We now know just how destructive it can be if a wizard's magic is repressed through abuse. Their magic can fester, turning against themselves, and ultimately exploding with deadly force. It was entirely possible that Harry would, in fact, become an Obscurial — that his repressed magic could become an Obscurus, a devastating force that would even threaten the International Statute of Secrecy.

If fan theories are correct (and I rather think they are), then Albus Dumbledore would have understood the risks far better than anyone else. Fans are now convinced that Dumbledore's sister, Ariana, was herself an Obscurial; attacked by Muggle boys when just six years old, she had repressed her magic, and ultimately died in that terrible confrontation between Albus, their other brother Aberforth, and the dark wizard Grindelwald. Where most sorcerers would view an Obscurial with mere academic interest, Albus Dumbledore would have fully understood the threat the Dursleys posed to Harry.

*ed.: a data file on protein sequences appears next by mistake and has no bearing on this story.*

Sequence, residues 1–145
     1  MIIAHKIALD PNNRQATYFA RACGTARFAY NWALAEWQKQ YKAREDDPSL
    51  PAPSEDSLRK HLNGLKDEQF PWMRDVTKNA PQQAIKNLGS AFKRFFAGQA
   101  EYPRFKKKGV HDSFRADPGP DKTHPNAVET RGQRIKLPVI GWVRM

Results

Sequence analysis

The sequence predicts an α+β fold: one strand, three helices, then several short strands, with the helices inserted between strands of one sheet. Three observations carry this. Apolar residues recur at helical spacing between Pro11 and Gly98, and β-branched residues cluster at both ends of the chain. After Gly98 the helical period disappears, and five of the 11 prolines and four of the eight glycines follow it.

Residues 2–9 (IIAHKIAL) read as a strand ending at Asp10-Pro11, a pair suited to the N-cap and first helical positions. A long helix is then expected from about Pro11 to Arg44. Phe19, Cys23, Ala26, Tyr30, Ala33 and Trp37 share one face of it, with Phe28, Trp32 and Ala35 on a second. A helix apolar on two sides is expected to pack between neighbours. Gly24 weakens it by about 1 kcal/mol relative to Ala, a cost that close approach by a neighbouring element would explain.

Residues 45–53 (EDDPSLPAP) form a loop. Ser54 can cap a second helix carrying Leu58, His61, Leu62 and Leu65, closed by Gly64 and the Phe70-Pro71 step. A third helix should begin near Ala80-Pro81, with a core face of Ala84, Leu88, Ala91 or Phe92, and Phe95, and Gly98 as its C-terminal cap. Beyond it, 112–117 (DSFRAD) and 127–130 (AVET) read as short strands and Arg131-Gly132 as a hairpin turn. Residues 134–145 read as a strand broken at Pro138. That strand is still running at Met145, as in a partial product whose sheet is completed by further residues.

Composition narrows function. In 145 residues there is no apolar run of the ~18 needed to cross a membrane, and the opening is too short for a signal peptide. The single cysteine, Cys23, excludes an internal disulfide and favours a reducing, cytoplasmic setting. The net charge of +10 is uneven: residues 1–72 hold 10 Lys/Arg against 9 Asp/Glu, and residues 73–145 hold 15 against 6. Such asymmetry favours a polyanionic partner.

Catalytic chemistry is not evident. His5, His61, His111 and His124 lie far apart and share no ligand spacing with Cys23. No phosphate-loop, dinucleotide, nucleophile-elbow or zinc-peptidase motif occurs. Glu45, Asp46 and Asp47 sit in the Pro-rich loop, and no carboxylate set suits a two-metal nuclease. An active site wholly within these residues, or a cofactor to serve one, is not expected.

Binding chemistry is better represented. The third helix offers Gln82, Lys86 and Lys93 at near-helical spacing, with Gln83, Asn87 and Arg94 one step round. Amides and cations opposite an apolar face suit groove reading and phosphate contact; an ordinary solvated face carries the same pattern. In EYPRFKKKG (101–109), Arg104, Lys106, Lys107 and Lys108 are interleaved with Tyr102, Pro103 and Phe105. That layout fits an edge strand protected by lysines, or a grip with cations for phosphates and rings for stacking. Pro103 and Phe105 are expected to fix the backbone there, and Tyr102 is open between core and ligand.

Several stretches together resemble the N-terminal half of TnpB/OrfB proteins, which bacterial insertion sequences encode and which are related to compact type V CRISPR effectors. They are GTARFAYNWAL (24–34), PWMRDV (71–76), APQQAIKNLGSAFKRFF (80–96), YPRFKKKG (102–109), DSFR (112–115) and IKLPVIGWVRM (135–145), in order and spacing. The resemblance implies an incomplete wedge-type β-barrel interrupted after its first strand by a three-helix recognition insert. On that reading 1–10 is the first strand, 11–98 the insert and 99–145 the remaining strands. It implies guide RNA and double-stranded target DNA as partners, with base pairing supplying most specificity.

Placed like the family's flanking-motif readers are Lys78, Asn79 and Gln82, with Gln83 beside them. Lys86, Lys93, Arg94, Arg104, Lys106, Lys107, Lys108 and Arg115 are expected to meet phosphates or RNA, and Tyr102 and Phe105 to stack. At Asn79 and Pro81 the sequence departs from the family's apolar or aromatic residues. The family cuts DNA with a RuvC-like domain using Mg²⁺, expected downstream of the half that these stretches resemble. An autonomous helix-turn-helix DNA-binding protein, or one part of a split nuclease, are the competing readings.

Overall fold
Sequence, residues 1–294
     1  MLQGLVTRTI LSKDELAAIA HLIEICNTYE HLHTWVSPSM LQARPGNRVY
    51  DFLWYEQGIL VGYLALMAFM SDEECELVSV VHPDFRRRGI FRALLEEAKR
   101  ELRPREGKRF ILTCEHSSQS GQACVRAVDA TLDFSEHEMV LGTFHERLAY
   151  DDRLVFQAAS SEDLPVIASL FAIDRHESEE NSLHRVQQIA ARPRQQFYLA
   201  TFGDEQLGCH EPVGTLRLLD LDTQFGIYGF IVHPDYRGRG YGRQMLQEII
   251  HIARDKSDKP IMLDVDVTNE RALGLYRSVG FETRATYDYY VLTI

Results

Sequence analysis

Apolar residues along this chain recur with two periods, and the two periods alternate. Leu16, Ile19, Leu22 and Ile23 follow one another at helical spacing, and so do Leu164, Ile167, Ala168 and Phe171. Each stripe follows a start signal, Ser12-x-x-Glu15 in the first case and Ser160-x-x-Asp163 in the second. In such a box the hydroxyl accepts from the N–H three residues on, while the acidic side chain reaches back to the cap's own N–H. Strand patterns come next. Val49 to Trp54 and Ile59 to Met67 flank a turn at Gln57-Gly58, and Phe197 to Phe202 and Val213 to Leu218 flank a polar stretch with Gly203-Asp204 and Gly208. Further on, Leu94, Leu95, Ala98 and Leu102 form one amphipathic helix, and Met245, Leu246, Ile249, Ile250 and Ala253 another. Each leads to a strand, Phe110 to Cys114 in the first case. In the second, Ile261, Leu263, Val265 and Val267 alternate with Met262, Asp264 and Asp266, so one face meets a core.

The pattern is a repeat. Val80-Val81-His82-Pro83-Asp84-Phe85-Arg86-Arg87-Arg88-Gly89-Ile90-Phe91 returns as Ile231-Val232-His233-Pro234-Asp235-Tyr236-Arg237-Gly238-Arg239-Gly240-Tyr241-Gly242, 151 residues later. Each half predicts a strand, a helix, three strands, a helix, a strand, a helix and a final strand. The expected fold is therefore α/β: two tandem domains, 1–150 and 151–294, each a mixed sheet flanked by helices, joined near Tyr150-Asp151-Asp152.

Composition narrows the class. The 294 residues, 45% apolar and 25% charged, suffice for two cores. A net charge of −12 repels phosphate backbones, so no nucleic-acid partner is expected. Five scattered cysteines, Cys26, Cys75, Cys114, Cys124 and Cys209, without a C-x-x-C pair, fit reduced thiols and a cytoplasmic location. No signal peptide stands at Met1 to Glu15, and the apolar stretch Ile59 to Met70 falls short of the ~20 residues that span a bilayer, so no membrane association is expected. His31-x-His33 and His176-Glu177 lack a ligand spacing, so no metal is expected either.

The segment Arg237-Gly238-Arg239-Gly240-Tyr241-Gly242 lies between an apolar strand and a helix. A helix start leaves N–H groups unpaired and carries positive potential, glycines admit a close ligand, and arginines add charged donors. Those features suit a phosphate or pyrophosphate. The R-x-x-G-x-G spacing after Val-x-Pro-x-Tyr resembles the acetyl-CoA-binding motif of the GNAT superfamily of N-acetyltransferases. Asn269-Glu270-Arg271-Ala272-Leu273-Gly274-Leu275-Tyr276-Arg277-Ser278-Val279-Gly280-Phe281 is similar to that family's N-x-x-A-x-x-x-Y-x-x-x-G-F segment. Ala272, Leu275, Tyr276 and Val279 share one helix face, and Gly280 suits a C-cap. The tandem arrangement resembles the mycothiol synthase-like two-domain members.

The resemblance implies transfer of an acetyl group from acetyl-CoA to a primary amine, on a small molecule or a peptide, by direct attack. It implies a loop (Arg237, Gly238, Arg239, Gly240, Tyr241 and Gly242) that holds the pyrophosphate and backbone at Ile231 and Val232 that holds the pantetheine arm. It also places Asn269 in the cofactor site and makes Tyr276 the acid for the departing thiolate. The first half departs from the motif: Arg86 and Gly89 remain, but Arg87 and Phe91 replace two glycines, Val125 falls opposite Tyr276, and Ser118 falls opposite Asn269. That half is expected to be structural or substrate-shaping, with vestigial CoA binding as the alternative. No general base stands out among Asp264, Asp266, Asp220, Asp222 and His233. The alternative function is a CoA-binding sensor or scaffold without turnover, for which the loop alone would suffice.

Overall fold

Ariana Dumbledore's portrait. Image: Warner Bros.
Ariana Dumbledore's portrait. Image: Warner Bros.

What choice did he have, though? The plan had real risks; the Boy Who Lived could emerge terribly scarred, a broken child whose magic was beyond control. But the alternative was that Harry be brought up in the Wizarding World — and his chances of survival were slim at best. No, Dumbledore could only gamble on the Dursleys' love for Harry, or else on the incompetence of their efforts to suppress Harry's magic. Fortunately for the world, the gamble paid off!

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J. K. Rowling is a literary genius, whose concepts intertwine in the most fascinating ways. I seriously doubt that this additional detail is a coincidence; she excels at joining the dots to create some of the most intricate pictures imaginable. It seems to me that we've just gotten an extra wrinkle in the tale of Harry Potter, and it's helped to understand just how great a risk Albus Dumbledore took when he delivered Harry to the Dursleys.


Do you think Dumbledore had reason to fear Harry becoming an Obscurial?